Let's start with the ending of Sunday's episode of "The Newsroom:" the return of Leona Lansing and her powerhouse speech. "You will resign when I fire you out of petty malice and not before," she tells Will, Charlie and MacKenzie, who have come to her to quit over the Genoa controversy. She has every right to fire them – the rest of the episode laid out the places, Jerry's doctored tape aside, ACN failed in vetting the story. "You don't make me a nickel and cause headaches for the divisions that do," Leona says (and this season began with one such headache – Atlantis Media getting kicked out of the SOPA meeting due to Will's reporting on the tea party). "But you make me so proud," she admits.
Jane Fonda is electrifying playing the queen bee. With her ball gown, her smudge-proof make up and mastery of nicknames, Leona is nearly a goddess and her intervention in the Genoa arch is almost deus ex machina itself.
"We don't have the trust of the public anymore!" Charlie yells.
"Get it back!" Leona demands, and cut to black.
With her speech, the episode, titled "Red Team III," ends with a bang. The episode started with a bombshell as well: that the big, scary lawsuit that had framed the entire season was in fact a wrongful termination suit from Jerry Dantana accusing ACN of institutional failure. It seems ridiculous at first, since it was he that cooked the key Stomtonovich interview. But as the Genoa story begins to unravel, there were other lapses of judgement as well. We learn that Mac asked another Genoa participant leading questions, none of which about the traumatic brain injury that makes him a questionable witness. Charlie's Pentagon source, it turns out, was on a revenge mission and Will may have been tricked by the very same flack. But because the news team worships Will so, no one bothered to press him on who he heard the Genoa story from.
And cheers to Rebecca for calling out Jim on being a wimp: "Your heart was a little dinged up so you wanted to get out of town for a while and that's why you weren't available to do your job." Meanwhile, Sloan is mocked for reading the tea leaves in the Pentagon's response to Genoa "This isn't like the time Chip left you a message in eighth grade and you and your friends did a lab analysis to figure out if it meant he liked you," Don teases, and aside for being misogynist, his dismissal of her concerns proves to be hasty.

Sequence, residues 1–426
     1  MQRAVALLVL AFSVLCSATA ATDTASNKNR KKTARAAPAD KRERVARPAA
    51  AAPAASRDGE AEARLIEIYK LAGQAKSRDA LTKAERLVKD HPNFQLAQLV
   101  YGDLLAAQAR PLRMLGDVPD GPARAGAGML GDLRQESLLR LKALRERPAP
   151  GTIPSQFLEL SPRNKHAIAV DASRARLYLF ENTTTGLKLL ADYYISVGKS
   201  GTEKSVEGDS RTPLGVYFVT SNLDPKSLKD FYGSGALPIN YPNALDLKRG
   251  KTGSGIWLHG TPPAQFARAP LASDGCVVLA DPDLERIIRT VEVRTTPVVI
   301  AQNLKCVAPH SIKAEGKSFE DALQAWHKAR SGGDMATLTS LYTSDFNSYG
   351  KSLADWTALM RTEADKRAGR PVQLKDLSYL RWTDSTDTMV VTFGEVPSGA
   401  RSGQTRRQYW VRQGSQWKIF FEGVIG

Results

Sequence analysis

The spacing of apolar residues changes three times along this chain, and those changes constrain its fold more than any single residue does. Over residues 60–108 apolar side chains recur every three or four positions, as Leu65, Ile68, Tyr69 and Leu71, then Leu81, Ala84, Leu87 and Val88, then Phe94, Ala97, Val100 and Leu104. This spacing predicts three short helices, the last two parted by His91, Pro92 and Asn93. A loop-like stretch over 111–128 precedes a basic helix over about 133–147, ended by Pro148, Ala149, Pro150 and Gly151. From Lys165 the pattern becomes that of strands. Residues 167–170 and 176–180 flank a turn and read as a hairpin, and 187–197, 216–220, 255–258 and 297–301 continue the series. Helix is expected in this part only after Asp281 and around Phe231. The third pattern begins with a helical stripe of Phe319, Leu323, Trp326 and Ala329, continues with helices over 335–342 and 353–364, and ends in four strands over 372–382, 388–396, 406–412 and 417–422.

Of course the final piece of the puzzle, the cuts to the Stomtonovich interview, was hidden in plain sight, and painfully so. "Do any other sports have enforced pacing?" Mac asks Will, in an excruciating conversation about shot clocks. (Seriously, who asks questions like that?) But it's not until Mac is given an actual shot clock that she finally notices that the shot clock jumps in Jerry's footage.
The episode had other weak points as well. Its treatment of the actual Genoa broadcast is heavy-handed, with dramatic orchestrations and dour faces among the staff. And in the fallout from Genoa, "News Night" wusses out from running another big story – that the Benghazi assault was a premeditated attack, not a spontaneous protest. They get the tip from a mysterious "source at State." Yet again, monumental stories seem to fall in the laps of our news heroes. The Genoa story – even though ultimately false and full of errors — at least showed how difficult and hazardous news gathering can actually be.
Throughout the episode, Will brings up chance occurrences that changed history – the Chicago mayor who was shot instead of FDR, Rosa Parks being selected as a civil rights symbol, the Challenger space shuttle explosion. In doing so, it's not clear if he actually believes that he is responsible for the institutional failures Jerry is accusing ACN of – resignation intentions aside – or too just the victim of chance. No matter, because Leona Lansing has come to the rescue.